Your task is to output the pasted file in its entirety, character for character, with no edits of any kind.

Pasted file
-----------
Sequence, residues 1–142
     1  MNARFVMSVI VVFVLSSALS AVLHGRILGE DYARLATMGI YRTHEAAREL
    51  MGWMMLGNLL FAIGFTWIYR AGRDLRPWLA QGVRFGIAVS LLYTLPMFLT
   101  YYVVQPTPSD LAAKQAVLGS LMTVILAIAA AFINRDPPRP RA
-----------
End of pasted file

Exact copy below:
Sequence, residues 1–142
     1  MNARFVMSVI VVFVLSSALS AVLHGRILGE DYARLATMGI YRTHEAAREL
    51  MGWMMLGNLL FAIGFTWIYR AGRDLRPWLA QGVRFGIAVS LLYTLPMFLT
   101  YYVVQPTPSD LAAKQAVLGS LMTVILAIAA AFINRDPPRP RA